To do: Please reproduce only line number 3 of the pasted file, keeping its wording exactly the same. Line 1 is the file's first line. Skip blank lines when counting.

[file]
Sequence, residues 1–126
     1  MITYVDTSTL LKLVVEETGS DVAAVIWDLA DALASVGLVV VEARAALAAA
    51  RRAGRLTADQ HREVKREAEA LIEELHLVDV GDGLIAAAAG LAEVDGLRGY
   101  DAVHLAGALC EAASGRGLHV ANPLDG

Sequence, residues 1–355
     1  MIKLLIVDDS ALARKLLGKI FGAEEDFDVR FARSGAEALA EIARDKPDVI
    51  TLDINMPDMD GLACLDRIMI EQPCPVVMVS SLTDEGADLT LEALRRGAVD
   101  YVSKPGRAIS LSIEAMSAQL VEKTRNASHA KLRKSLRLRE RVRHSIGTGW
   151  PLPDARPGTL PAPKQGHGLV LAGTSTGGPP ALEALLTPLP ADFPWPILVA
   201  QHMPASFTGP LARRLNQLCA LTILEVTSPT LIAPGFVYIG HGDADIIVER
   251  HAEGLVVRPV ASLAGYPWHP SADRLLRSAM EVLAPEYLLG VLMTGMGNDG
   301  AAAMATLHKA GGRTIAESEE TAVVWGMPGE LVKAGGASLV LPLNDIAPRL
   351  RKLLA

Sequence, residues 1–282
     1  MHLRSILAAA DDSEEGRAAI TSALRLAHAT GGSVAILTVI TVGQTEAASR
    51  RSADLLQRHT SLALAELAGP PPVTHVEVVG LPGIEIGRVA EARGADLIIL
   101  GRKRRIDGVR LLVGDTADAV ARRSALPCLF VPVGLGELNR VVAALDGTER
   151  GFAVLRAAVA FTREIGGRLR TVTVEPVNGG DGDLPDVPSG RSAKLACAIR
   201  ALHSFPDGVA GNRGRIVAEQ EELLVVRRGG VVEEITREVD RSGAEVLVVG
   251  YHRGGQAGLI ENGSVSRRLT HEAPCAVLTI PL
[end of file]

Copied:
    51  RRAGRLTADQ HREVKREAEA LIEELHLVDV GDGLIAAAAG LAEVDGLRGY